Pakistan

  • Pakistan’s Reform Moment

    Pakistan is once again in the news with the dismissal of its prime minister, Nawaz Sharif, by the supreme court over a corruption case. This development is not unusual in a country with a history of democratically-elected governments being hobbled by incompetence and corruption. Pakistan has also seen three military coups and has been under military rule for several decades since gaining independence in 1947.  

    Why do democratically-elected governments fail in Pakistan? Part of the answer lies in the fact that Pakistan’s political parties are dominated by dynasties and lack adequate internal processes, management, and the capacity to develop policy.

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  • The Disqualification of Nawaz Sharif: Will Pakistan’s Courts Drain the Swamp?

    Pakistani Prime Minister Nawaz Sharif’s ouster by the supreme court is a rare example of a country’s leader being held accountable for corruption, but it has also created the possibility of instability in this South Asian nation that is a vital partner in the United States’ counterterrorism efforts.

    On July 28, Pakistan’s supreme court disqualified Sharif ruling that he had been dishonest by not disclosing earnings from a Dubai-based company in his nomination papers filed at the time of the 2013 general election. The court recommended corruption cases be filed against Sharif, his daughter, Maryam Nawaz; his son-in-law, Capt. Muhammad Safdar; his two sons Hassan and Hussain; and Finance Minister Ishaq Dar.

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  • Ahmad in National Interest: America Must Confront Pakistan's Support of Afghan-Based Terrorism


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  • Kampani and Gopalaswamy: How to Normalize Pakistan's Nuclear Program


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  • Trump Will Need to Deepen US Engagement in Afghanistan

    US President Donald J. Trump’s America First approach will have to take a back seat when it comes to Afghanistan.

    As the Trump administration wrestles with a decision on whether to send several thousand additional US troops to Afghanistan in an effort to end a fifteen-year-old war and make peace with the Taliban, there is a firm belief in policy circles that there is a critical need for the United States to deepen its engagement in that country.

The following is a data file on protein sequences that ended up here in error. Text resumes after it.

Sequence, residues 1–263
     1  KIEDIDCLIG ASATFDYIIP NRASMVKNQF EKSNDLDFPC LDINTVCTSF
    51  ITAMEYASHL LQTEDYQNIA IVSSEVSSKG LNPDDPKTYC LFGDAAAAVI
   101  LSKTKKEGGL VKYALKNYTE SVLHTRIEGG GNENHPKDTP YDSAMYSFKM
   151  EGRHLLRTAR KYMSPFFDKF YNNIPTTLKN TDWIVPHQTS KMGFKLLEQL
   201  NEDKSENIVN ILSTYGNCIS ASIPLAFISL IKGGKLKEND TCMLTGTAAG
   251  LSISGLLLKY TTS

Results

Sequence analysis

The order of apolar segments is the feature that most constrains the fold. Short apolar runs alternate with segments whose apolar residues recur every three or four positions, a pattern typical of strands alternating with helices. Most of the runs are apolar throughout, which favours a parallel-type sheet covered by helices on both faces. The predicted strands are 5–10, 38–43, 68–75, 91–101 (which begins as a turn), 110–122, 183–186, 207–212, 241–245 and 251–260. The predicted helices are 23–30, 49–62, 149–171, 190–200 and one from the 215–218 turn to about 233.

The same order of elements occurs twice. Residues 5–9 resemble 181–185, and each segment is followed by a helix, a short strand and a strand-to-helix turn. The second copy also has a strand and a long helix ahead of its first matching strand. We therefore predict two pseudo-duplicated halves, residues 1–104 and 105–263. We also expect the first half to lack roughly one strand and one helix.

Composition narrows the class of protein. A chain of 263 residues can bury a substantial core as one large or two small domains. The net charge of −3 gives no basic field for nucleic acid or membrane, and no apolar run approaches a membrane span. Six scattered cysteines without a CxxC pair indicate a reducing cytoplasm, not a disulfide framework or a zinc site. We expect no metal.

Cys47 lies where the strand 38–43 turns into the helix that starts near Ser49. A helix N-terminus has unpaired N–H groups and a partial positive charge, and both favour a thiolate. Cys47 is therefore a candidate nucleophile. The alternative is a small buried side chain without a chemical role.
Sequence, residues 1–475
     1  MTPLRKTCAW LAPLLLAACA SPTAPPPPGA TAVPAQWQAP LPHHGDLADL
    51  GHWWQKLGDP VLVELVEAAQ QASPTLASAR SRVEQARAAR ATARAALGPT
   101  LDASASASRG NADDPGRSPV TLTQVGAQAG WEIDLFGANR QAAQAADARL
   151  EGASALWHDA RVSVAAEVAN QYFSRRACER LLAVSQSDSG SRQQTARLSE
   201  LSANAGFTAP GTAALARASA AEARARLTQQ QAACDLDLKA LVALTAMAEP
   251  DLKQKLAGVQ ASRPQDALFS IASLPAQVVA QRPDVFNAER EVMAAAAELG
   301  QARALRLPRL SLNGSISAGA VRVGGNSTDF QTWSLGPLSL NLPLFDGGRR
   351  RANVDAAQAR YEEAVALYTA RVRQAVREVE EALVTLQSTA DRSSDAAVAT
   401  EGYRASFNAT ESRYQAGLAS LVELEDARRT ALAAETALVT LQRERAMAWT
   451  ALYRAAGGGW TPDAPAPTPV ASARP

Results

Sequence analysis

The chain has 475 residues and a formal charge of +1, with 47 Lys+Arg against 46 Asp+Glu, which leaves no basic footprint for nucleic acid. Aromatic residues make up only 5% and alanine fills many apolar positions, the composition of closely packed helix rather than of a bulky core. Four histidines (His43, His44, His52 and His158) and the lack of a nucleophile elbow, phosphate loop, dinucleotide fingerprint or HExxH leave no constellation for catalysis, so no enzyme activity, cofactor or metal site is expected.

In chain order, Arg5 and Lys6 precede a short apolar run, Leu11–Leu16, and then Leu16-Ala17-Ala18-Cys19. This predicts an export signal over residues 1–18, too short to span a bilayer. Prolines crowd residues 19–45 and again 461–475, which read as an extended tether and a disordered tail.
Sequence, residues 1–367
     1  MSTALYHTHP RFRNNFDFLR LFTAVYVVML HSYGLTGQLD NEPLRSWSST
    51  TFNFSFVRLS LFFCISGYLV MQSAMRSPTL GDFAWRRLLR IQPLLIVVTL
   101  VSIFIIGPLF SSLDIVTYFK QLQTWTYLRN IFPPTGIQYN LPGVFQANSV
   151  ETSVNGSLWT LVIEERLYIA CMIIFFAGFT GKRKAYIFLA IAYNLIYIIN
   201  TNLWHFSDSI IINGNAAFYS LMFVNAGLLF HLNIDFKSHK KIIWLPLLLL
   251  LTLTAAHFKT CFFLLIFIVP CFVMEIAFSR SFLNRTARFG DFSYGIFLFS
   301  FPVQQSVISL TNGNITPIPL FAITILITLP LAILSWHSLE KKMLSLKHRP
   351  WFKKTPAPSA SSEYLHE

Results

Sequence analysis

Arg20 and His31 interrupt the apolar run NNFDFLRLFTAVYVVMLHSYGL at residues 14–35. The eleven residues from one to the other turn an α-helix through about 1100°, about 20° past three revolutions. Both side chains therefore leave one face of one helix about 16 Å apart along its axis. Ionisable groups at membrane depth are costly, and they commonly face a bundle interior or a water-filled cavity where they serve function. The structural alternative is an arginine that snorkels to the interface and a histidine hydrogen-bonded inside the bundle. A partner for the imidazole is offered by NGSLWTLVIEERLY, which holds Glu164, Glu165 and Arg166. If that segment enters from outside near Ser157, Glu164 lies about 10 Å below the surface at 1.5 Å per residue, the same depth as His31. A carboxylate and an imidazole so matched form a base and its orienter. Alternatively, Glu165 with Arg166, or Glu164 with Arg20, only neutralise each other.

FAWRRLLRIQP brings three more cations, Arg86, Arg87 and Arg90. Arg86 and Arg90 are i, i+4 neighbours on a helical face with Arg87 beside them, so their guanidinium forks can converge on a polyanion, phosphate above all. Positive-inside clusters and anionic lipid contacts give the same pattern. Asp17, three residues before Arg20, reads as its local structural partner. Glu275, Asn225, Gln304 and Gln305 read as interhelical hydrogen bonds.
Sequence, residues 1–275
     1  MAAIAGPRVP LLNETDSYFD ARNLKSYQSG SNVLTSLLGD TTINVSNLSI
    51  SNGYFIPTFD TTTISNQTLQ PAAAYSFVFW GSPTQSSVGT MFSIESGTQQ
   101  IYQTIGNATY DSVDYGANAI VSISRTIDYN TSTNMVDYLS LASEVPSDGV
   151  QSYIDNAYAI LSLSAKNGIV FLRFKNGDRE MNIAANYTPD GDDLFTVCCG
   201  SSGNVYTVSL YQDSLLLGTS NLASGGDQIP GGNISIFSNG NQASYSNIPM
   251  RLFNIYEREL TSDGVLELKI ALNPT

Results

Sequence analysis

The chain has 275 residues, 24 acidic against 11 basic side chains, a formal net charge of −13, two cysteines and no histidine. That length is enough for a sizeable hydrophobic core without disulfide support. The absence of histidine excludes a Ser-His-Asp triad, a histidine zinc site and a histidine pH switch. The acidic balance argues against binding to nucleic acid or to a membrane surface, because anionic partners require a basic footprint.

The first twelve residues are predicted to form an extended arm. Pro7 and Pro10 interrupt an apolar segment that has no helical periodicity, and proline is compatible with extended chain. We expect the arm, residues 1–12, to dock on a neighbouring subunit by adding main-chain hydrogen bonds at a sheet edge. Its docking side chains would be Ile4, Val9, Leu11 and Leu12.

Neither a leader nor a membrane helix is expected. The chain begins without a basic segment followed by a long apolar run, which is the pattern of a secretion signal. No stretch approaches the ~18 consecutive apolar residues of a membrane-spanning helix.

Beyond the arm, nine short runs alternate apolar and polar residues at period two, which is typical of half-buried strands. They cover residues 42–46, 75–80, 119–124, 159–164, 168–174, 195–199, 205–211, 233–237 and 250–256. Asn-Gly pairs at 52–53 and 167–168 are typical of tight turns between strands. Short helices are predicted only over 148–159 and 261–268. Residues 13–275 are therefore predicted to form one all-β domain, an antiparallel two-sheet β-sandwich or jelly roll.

Yet, with Trump there is a “real possibility that the United States, if it is not successful within some acceptable period of time, could choose to reduce its commitment to Afghanistan and ultimately withdraw,” said Ashley Tellis, Tata chair for strategic affairs at the Carnegie Endowment for International Peace. “If that outcome occurs the door will be open to internecine regional competition in Afghanistan, which will only make circumstances in Afghanistan worse,” he added.

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  • Regional Perspectives on US Strategy in Afghanistan

    On June 7, 2017, the South Asia Center hosted a discussion on the regional perspectives of the United States strategy in Afghanistan. Former Ambassador to Afghanistan Zalmay Khalilzad, Ambassador of Pakistan to the United States Aizaz Ahmad Chaudhry, India’s Former Minister of Information and Broadcasting Manish Tewari, and the Tata Chair for Strategic Affairs at the Carnegie Endowment for International Peace Dr. Ashley J. Tellis discussed the role of regional players and the United States in stabilizing the security environment in Afghanistan.

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  • Pintak in Daily Beast: Nuclear Pakistan Sees the Saudi Game Against Qatar and Iran and Says, ‘No, Thanks’


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  • Saudi-Led Coalition Setting Up Mobile Force to Fight Terrorism

    A Saudi-led coalition force of 41 countries is now taking shape and has found a focus: protecting member nations against the threat from Islamic State
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  • Russia’s Support for the Taliban Leaves Kabul Feeling Uneasy

    Afghan foreign minister sees threat to peace process

    Russia’s support for the Taliban—a terrorist group with which the United States has been at war for more than fifteen years and that is dedicated to overthrowing Afghan President Ashraf Ghani’s government—is causing considerable unease in Afghanistan where officials worry it will undermine efforts to make peace in their war-torn country.

    “[E]stablishing contacts with these terrorist groups will give them a wrong message and they will think that the international community is recognizing them,” said Salahuddin Rabbani, Afghanistan’s foreign minister and a former head of the country’s High Peace Council. This, in turn, would undercut a peace and reconciliation process because the Taliban “will not be encouraged to come to the negotiating table,” he added.

    The peace process has had scant success in part because, as Rabbani noted, Afghanistan’s eastern neighbor, Pakistan, continues to provide material support and sanctuary for the terrorists.

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  • Ahmad in the Wall Street Journal: To Save Afghanistan, Put Pressure on Pakistan


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